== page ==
Warm Bodies (2013)

William Shakespeare’s Romeo and Juliet has been adapted to film countless times over the years. From direct adaptations, such as Franco Zeffirelli’s 1969 version and Baz Luhrmann’s 1996 modernised version, to more imaginative translations, such as West Side Story and The Lion King II: Simba’s Pride. Warm Bodies falls into the latter – a loose reworking of the classic star-crossed lovers narrative. The ‘Romeo’ of Warm Bodies is Nicholas Hoult’s zombie, known only as R, and the ‘Juliet’ is Teresa Palmer’s Julie, daughter of the U.S. Army Colonel hell-bent on eradicating the living dead once and for all. Told from the zombie’s perspective, and notably depicting the undead as retaining some human characteristics in death (un-death?), Warm Bodies will thaw even the iciest of hearts.

 

Bride of Frankenstein (1935)

The ending of the Universal Pictures 1931 classic, Frankenstein, is heart-breaking, as Frankenstein’s Monster (Boris Karloff) is apparently burned to death in the windmill he hides in, to escape the vicious mob chasing him. The Monster is woefully misunderstood, a lonely beast, desperate for a mate. In Bride of Frankenstein, Dr. Frankenstein and Dr. Pretorious heed no moral lesson from past mistakes as they create the Bride (Elsa Lanchester), a true icon in the genre’s oeuvre. Raise a glass to “the new world of gods and monsters!”

 

A Girl Walks Home Alone at Night (2014)

Known as “the first Iranian vampire western”, A Girl Walks Home Alone at Night focuses on a lonesome vampire (Sheila Vand), who spends her eternal life listening to music on vinyl, skateboarding around Bad City, and preying on men who disrespect women. One night, she meets a drugged-up, lost, Arash (Arash Marandi), and is charmed by his vulnerability and kindness. Their tentative attraction is fascinating to watch. With a soundtrack as killer as the girl herself, and shot in exquisite black and white, Ana Lily Amirpour has created a modern gem.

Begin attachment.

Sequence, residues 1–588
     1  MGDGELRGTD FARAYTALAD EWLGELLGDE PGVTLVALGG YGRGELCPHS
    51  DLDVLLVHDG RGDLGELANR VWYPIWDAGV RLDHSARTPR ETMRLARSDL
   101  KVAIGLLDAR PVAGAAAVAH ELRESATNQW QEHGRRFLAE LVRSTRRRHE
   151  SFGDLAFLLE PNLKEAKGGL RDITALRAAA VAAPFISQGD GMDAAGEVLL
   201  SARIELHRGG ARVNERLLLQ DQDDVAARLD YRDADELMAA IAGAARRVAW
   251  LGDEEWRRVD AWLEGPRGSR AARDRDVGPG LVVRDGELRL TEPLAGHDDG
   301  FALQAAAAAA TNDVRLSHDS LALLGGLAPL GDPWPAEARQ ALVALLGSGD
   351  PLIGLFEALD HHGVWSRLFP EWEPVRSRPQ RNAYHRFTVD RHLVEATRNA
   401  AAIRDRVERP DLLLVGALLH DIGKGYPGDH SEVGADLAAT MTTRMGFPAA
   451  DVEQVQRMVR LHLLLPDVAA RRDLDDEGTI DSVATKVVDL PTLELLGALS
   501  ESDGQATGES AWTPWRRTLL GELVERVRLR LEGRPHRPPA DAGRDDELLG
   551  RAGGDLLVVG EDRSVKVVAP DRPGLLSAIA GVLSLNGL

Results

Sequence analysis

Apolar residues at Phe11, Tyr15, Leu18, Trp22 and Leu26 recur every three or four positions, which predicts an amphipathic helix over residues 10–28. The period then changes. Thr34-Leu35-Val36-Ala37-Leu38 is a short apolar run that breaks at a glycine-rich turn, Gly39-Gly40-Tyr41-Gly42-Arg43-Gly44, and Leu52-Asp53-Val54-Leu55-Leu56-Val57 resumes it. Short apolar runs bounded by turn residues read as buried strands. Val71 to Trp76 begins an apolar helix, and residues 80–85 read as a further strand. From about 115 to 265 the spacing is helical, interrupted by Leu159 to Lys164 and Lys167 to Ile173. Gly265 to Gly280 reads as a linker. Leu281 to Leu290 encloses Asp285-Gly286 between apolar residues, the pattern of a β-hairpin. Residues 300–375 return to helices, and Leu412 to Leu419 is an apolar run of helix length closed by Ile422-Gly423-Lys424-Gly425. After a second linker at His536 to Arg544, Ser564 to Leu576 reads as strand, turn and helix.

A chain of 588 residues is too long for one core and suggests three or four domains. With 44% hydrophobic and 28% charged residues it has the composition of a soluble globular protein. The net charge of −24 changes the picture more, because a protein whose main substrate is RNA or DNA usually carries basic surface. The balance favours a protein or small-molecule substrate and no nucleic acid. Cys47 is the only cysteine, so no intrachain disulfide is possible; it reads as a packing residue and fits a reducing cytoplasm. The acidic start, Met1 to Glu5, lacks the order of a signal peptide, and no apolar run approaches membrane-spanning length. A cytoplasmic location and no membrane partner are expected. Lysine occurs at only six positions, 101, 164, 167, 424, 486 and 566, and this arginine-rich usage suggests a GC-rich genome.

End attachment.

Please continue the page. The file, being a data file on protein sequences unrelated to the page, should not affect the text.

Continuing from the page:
Thirst (2009)

South Korean producer/director Park Chan-wook knows a thing or two about forbidden lust – just watch Stoker or The Handmaiden. When Catholic priest Sang-hyun (Song Kang-ho) volunteers to participate in an experiment to find a vaccine for the deadly Emmanuel Virus, the unexpected side effects include a thirst for human blood, an extreme aversion to sunlight, and insatiable lust for his friend’s wife, Tea-ju (Kim Ok-bin). The two embark on an illicit and deadly affair, as the lines between right and wrong, monster and human, are blurred.

 

A Chinese Ghost Story (1987)

Chinese folklore (as imagined by A Chinese Ghost Story) dictates that the spirit of any person buried at the foot of a tree outside the haunted Lan Ro temple will be eternally bound to the servitude of the sinister Tree Devil, whose tongue wraps around its victims to suck out their life essence. Lip Siu-sin (Joey Wong) is one of those unfortunate souls. When Ling Choi-san (Leslie Cheung) meets her ghost, it’s love at first sight, and he vows to free her from her misery. Martial arts meets phantasm meets melancholy in this supernatural tale of love and loss.